Man, the NFL Draft is only six weeks away. Hard to believe. As we go through the first wave of free agency, we can get a clearer look at who the Pittsburgh Steelers might take 25th overall in the 2016 NFL Draft. Of course, the draft can – and does – always surprise, so by no means in this list concrete. I left off some players who could fall, outside linebacker Shaq Lawson most notably. Just in the way I left off Bud Dupree last year, despite him being my #1 guy, I won’t assume he will be there, but if they are, they will absolutely be in the conversation.
Here are six players I’ve been able to whittle the last down to. These are in no particular order though if you remember my last mock, I had the team taking Andrew Billings.
Andrew Billings/DT Baylor: So let’s start with him. Steve McLendon is now living his big city dreams in New York. The nose tackle market is barren, a weird time to try to find one in an age of pass rushers that are still rare to find, especially a week into the new year, making the actual position a need.
But Billings is much more than a run stuffer. He’s a rare athlete for his frame who showed the ability to get after the quarterback last year, racking up 5.5 sacks despite a bum ankle. He’ll give you that pass rush while helping to stuff the run in sub-package. His frame in itself is interesting. Though he isn’t the 6’4 type, he has 33 inch arms on a not-even 6’1 frame.
The Steelers like drafting underclassmen, defensive lineman in the first round (Hampton, Hood, Heyward) from Power 5 schools. Billings checks every single one of those boxes.
Vernon Butler/DT Louisiana Tech: Like Billings, but a smaller school, and more length/height. Butler is 6’3/5 with 35 inch arms and a more appealing option to play defensive end in a base front, though like McLendon, that idea may be better in theory than practice. But Butler is another one of those remarkable athletes who can play the one or the three while giving the prospect of a starting nose tackle.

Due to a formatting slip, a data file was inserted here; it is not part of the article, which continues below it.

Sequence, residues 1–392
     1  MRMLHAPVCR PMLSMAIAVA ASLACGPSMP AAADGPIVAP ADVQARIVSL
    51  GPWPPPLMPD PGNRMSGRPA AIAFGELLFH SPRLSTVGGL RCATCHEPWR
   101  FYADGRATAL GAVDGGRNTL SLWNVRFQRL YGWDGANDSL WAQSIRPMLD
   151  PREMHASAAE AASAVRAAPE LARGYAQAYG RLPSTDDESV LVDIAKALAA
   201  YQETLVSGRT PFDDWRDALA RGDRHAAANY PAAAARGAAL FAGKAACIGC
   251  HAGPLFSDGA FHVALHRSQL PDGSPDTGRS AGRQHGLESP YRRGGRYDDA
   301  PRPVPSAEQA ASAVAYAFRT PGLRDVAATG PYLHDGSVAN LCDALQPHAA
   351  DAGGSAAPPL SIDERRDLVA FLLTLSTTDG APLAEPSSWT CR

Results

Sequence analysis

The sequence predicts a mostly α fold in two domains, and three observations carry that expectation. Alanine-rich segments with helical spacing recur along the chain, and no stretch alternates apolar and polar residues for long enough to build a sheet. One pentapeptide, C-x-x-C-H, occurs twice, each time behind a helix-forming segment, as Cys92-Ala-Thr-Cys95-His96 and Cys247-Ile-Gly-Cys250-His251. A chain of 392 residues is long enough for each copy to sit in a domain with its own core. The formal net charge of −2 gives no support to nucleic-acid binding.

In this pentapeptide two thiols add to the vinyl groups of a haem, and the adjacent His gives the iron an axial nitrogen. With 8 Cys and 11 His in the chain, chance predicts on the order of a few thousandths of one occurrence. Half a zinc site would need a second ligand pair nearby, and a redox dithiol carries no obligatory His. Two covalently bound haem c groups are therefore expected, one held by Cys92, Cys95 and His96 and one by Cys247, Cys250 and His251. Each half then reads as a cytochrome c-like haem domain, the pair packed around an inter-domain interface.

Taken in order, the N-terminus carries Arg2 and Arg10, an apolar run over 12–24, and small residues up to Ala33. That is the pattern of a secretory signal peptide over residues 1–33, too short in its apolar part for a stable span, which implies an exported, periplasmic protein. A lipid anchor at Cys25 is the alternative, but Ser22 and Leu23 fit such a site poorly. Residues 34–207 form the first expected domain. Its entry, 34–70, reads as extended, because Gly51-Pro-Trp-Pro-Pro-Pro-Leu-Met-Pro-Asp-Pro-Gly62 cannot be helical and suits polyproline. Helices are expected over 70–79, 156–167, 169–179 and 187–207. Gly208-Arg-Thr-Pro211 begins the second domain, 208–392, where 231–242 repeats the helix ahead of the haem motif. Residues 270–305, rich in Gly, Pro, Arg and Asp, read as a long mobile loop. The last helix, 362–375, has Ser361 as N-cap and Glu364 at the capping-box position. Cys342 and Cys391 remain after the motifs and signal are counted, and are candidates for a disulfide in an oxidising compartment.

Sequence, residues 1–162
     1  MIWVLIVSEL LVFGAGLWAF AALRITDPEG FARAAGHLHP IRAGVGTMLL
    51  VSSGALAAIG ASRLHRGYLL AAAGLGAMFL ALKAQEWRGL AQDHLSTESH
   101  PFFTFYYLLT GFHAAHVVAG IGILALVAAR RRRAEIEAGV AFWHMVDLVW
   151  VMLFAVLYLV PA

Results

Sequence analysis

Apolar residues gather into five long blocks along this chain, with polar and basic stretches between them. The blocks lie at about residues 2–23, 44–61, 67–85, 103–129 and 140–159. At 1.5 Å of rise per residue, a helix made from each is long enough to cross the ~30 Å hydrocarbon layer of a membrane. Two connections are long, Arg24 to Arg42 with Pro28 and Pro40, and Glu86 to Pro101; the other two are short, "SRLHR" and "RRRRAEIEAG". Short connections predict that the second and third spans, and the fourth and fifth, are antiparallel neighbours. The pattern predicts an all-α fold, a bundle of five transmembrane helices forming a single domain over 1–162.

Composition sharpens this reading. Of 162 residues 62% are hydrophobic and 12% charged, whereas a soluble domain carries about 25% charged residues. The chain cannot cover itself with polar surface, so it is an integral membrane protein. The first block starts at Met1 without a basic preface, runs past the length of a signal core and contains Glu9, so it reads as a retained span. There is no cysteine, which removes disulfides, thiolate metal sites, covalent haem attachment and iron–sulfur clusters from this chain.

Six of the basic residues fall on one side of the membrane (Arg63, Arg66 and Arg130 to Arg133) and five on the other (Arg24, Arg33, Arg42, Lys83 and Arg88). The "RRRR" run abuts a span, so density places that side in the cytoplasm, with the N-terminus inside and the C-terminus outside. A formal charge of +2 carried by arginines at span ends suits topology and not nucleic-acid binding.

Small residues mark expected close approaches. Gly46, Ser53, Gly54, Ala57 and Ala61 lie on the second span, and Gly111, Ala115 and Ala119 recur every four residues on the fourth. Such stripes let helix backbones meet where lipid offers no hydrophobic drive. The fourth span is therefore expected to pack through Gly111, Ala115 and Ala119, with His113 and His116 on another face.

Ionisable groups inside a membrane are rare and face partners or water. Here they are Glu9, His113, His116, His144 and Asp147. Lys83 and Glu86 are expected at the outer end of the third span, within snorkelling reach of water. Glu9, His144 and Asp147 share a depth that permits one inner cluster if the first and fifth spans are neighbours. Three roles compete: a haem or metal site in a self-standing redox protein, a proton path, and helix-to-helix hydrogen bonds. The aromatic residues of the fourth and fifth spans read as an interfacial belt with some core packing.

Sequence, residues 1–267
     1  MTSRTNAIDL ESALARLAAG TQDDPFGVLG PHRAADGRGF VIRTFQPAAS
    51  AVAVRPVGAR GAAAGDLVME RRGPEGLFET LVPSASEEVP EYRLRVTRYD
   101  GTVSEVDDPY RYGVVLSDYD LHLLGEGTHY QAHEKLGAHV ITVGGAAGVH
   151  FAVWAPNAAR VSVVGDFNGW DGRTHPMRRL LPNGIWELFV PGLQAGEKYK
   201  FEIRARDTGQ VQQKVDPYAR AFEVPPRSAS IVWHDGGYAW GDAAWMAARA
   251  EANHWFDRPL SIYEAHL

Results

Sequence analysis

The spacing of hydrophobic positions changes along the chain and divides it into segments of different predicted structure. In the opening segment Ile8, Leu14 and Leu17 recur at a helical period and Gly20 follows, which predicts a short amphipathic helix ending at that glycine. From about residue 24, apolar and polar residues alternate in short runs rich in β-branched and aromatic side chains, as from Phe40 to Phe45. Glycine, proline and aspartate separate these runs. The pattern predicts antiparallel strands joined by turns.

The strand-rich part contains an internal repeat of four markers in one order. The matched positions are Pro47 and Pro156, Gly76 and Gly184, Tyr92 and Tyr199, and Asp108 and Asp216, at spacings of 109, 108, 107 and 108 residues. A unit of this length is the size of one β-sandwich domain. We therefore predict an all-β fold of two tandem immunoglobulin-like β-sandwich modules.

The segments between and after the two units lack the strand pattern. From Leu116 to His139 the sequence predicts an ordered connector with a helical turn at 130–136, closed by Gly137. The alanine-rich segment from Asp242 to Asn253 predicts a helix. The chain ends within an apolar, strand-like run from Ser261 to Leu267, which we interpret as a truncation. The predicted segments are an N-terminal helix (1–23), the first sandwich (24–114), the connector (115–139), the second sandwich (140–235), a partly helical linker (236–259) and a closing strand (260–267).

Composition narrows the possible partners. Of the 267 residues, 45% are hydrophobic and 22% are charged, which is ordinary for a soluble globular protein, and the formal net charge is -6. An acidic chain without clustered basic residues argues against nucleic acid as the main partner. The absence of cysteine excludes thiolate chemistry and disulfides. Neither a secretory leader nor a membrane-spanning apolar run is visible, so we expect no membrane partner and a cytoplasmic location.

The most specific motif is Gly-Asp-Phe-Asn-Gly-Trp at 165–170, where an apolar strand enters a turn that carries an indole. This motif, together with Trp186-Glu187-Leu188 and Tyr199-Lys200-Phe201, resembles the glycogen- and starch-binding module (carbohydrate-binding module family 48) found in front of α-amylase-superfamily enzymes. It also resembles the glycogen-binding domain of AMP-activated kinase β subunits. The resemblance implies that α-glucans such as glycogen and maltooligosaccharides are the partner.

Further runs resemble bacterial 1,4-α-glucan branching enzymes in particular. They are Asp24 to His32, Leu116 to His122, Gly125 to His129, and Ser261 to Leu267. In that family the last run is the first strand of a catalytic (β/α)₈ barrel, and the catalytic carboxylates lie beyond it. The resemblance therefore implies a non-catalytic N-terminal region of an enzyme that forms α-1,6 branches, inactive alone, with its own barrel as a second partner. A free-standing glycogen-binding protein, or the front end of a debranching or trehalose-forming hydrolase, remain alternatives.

He’s a senior from a non Power-5 school, and the last one of those – at any position – was Ben Roethlisberger in 2004. And the last non-QB before that was Troy Edwards in 1999, before Kevin Colbert arrived. But if you’re into your horiscope and the stars aligning, Edwards also went to La Tech.
The bottom line: from a historical perspective, Butler doesn’t add up, but if you go into the evaluation blind and just watch him in a vacuum, he makes sense.
Mackensie Alexander/CB Clemson: Yes, I am putting a cornerback on this list, despite my silent protest and “no CB since 1997” stat I’ve been graffiti spraying since I’ve been writing here. I have watched enough of Alexander to know he’s a talented corner with the frame, speed, and fluidity to succeed in the NFL. Mike Tomlin and Colbert camped out at Clemson’s Pro Day and you can bet Alexander was one of several players on their shopping list.
I’m not blind to the possibility of upgrading the cornerback position, but it’s not as bad as popular perception. And until the team brings in another corner, the numbers are thin.
Noah Spence/OLB Eastern Kentucky: I know Spence feels like a lock as a top-15 pick, but I still have the feeling he’s going to go later than people think. And if he’s there at 25, he has to be in the conversation. Sure, there are some serious off the field concerns, and after dealing with Martavis Bryant, it isn’t fun to think about Spence landing in the same situation, but they are two different people, with different stories, and to blame Spence for Bryant’s problems is plain unfair.
Given the upside he has a pass rusher, and the clear long-term need at the position, he shouldn’t be discounted.
Reggie Ragland/ILB Alabama: Now we start to round things off with some slightly off-the-path ideas. I’ve hinted at Ragland for awhile. Though Lawrence Timmons and Ryan Shazier are starting at inside linebacker, and it might be the lost group on defense you’d point to as an issue, we’re all aware of Timmons’ mileage and Shazier’s injury history.
Ragland isn’t just an inside linebacker and that makes him much more appealing. He’ll never be a true outside linebacker but can play on the edge or with his hand down in some fun sub-packages. That could allow him a better path onto the field.
He might not time fantastically but I think he’s a strong athlete when you look at his background and even watch him on tape in some instances. He seems like a great individual that is easy to gravitate towards in interviews and someone the team should really be high on, at the least, on a personal level.
Taylor Decker/OT Ohio State: And a new name to the group. One I’ve never mentioned before, though I wrote this before Ryan Harris put on his Steelers’ attire, concluding their Miss America Pageant of tackles to catwalk through Pittsburgh.
But if they’re smitten for Decker, Harris’ presence isn’t going to discourage them enough of taking him. The possibility of adding a tackle is certainly one I have to be willing to adapt to, even though I’m still high on Alejandro Villanueva.